Former military president Ibrahim Babangida has given what he called the ‘honest reason’ his government annulled the 1993 June 12 election, won by MKO Abiola.
In an interview on Arise TV today, Babangida was confronted with the question on the criminal annulment of a free and fair election.
By the way, Abiola’s victory was confirmed in 2018, when the Buhari administration awarded him a posthumous Grand Commander of the Federal Republic, GCFR, an honour reserved for heads of state.
Babangida, resorting to revisionism sought to explain the reason for the annulment of an election widely considered to be the best in the history of Nigeria.
He responded by saying;
“Do you want me to be honest with you?”
When Ngozi, the interviewer, gave a nod, he said:
“If it materialised (If the election had gone through), there would have been a coup d’etat which could have been violent. That’s all I can confirm.
“It didn’t happen, thank God for the Maradonic way we handled you guys in the society.”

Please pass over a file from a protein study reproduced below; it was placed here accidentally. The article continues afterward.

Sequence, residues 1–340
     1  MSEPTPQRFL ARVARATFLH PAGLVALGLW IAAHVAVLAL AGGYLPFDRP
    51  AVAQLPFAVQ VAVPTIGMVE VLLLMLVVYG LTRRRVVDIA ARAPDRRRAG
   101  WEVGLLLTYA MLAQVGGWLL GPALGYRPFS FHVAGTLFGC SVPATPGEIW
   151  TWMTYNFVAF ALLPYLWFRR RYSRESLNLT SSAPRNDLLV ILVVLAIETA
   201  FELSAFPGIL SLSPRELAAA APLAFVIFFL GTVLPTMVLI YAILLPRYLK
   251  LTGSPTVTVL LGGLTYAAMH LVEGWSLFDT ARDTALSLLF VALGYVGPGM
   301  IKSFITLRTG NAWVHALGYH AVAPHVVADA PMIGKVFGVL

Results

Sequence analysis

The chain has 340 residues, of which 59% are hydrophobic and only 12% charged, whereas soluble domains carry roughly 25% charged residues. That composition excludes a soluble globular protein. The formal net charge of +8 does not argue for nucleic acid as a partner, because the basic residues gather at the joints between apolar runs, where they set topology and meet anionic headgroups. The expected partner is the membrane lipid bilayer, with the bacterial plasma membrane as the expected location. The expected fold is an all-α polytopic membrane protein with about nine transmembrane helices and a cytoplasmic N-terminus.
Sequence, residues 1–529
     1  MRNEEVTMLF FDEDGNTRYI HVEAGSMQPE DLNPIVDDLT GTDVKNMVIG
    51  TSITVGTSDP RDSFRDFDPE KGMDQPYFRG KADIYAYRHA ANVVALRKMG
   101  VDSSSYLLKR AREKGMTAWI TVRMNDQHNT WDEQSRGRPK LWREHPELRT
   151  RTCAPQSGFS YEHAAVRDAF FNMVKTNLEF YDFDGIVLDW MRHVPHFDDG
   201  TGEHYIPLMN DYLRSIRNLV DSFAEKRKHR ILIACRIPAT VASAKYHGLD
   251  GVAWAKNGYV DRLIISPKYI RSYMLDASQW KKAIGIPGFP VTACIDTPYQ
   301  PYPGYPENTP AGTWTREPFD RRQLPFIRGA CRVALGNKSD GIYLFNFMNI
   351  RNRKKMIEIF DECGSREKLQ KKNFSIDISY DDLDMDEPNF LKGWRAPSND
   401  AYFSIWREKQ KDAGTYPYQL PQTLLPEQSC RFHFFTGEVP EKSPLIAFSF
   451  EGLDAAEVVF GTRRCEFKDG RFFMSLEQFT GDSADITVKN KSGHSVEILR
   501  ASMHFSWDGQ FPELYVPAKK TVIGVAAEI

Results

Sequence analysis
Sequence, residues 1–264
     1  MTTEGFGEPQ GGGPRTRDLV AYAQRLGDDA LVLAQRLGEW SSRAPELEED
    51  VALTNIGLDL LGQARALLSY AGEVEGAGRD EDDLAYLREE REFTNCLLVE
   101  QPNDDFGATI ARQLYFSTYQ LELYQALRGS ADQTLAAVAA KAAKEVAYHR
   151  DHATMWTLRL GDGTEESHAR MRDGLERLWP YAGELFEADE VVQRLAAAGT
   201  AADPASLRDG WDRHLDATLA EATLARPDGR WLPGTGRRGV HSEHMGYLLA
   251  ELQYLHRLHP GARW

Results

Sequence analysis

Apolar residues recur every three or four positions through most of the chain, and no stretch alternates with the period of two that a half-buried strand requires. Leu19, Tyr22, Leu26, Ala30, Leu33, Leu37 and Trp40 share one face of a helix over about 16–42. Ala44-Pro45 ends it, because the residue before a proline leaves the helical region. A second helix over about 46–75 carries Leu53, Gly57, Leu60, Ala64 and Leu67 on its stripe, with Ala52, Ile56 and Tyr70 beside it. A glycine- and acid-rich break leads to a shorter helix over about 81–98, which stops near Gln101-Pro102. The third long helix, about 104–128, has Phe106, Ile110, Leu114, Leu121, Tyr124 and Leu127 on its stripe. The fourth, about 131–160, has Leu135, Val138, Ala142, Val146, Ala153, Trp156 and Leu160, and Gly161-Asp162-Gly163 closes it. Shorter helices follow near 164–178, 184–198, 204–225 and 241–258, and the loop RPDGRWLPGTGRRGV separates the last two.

Babangida added that the election “could have given room for more instability in the country.”
When asked if he was pressured by the military or civilians to annul the election, IBB said: “Both.”
“Both. The Military, they can do it because they have the weapons to do it. The other is the social agitation.
On 24 June 1993, Babangida government shocked the world by announcing the annulment of the June 12 election.
Abiola of the Social Democratic Party (SDP) beat Bashir Tofa of the National Republican Convention (NRC) in the results declared in the 30 states and Abuja.
Abiola was already known as the winner. What the electoral commission was doing in Abuja was a mere tabulation of the results declared in the states.
The commission was in the process of completing the ritual when an annulment was announced on radio.
The statement was not signed by anyone.
With public outcry, his government attempted to taint the election, by citing unproven allegations of vote-buying and other electoral irregularities.
The annulment led to protests and political unrest, including the resignation of IBB and the enthronement of a weak interim civilian government.
It later culminated in a coup by General Sani Abacha eight more years of military rule.